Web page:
One of my friends has a compost bin that is not vermin proof, and it does receive visits from wildlife (probably racoons). He doesn't worry about it, but it would bother me. My friend puts all kitchen waste in the bin (including some bones and meat scraps), and does not cover with dry leaves or anything. We put all kitchen waste in our bin, but we do cover with dry leaves which makes it look tidy and not smell and helps balance out the overly damp kitchen waste.

I think in general if you use enough dry "brown" material to soak up the excess moisture of kitchen waste, the compost will be non-smelly and PROBABLY unattractive to vermin. When the bin is full enough and moist enough to sustain high temperature composting (which it will do at some point, if you put all your kitchen waste in there) I don't see how small animals like mice and rats could stay in the bin. They would get cooked.

--McKenzie

    Bookmark   February 22, 2014 at 6:13PM
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bobcrabb(8b)

I directed my game camera toward my compost pile where I put lawn cuttings and kitchen scraps. In two weeks time, I checked the camera and found lots of activity. There were raccoons, possums, skunks, house cats, dogs, a wild hog, and even an armadillo although he may have just been passing by. So the answer is yes.

    Bookmark   February 22, 2014 at 11:18PM
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toxcrusadr Clay Soil(Zone 6a - MO)

I would definitely start the compost asap. Even in winter, you have kitchen scraps, no need to let them go to waste. Then you'll have some compost for the new garden when it's time.

Critters, you kinda have to take on a case by case basis. "Observe and adjust."

    Bookmark   February 24, 2014 at 1:36PM
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NHBabs(4b-5aNH)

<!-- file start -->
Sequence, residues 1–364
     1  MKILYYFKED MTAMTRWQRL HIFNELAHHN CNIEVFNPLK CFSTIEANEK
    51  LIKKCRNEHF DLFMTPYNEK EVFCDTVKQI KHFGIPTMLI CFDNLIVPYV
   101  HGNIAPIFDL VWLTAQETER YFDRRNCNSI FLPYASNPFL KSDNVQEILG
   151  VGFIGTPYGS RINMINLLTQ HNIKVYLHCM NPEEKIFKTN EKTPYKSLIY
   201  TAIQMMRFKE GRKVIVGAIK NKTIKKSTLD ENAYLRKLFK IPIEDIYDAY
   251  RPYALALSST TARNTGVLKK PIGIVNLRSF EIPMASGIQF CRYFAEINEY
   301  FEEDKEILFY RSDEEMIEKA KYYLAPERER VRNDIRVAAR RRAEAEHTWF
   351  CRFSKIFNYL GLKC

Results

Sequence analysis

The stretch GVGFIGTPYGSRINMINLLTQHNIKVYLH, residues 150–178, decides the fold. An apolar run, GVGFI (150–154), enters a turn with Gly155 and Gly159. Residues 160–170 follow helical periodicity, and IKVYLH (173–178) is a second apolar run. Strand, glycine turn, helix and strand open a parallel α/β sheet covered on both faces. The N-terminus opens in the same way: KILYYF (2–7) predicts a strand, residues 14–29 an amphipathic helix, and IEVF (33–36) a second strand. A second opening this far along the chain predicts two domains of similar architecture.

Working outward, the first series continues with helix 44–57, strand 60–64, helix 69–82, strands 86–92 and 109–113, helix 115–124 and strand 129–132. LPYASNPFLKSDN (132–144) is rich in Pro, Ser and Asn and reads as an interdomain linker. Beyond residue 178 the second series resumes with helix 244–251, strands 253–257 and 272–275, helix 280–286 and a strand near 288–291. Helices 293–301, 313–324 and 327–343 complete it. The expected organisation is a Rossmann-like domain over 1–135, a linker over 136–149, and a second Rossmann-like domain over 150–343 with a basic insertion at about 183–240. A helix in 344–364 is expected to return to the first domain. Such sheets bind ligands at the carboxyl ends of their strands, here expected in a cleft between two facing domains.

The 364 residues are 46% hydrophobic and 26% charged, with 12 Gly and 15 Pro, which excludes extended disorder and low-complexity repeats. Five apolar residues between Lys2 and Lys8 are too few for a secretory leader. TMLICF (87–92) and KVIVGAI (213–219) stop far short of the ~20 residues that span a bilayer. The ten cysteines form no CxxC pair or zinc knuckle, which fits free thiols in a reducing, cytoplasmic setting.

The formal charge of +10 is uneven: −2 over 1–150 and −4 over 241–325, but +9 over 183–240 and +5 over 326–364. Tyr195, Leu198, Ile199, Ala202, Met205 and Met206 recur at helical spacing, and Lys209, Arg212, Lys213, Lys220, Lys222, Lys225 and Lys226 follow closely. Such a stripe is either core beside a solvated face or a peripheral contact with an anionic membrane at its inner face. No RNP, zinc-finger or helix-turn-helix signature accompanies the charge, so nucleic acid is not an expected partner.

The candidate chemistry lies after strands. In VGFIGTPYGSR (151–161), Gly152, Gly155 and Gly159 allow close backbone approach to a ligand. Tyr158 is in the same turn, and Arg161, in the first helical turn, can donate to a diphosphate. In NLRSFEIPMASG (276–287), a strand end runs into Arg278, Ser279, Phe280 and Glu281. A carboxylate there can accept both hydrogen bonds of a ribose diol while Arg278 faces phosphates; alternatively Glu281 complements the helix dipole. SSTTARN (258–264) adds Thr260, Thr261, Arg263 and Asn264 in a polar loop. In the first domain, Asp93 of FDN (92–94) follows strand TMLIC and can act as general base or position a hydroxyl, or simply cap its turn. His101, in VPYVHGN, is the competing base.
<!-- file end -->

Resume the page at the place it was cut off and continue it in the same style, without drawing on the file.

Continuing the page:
Yes, I do get some critters, particularly in the winter when my pile is frozen and additions can't be buried. Mostly it's coyotes and crows. No problems with black bears visiting or dogs or as far as I can tell fox, raccoons, skunks or opossums. I put all kitchen scraps in. However, I don't mind sharing, and I don't find that the critters leave a mess or bother the veggie garden which is right next to the compost piles.

    Bookmark   February 24, 2014 at 2:11PM
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elisa_z5

I've been tossing apples into the compost as they spoil in storage (we had SO many this year, really can't eat them all) and ended up with a raccoon on my porch yesterday, climbing up the railings and taunting the dog through the window. So, um, thanks for the heads up on the "quantities of fruit" attracting raccoons. :)

No harm done, though. Either the bacteria/fungus or the raccoons can eat the apples, I don't mind which one does.

    Bookmark   February 24, 2014 at 8:42PM
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lazy_gardens

wannaflower - You can also do "trench composting".

When you have the location picked out for the vegetable beds, dig a trench along where you will have a row later. As you have kitchen scraps, lay them in the trench a few inches deep and cover them with dirt and let them rot in place.

My neighbor when I was a child used to do that. Where her trenches were one year was where she planted her veggies the next year - she kept moving the rows back and forth a couple of feet.

    Bookmark   February 26, 2014 at 12:52PM
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joepyeweed(5b IL)

The food scraps in a compost pile can attract animals, but there are some things that can be done to help minimize that - containers, fencing, keeping the compost under a thick cover of browns....

But keep in mind, the compost pile isn't any more attractive to critters than the food growing in the garden, which is just as attractive if not more so to many of them critters too...

    Bookmark   February 27, 2014 at 4:46PM
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Kimmsr(4a/5b-MI)

Trench composting in Zone 5 areas might be somewhat difficult now and if a compost pile is too frozen to dig in and add material the material is too wet. Even with temperatures of late down to minus 15 degrees my compost is not that frozen, and near the center of the 4 x 4 x 4 pile there is still heat indicating bacterial activity.

    Bookmark   February 28, 2014 at 7:20AM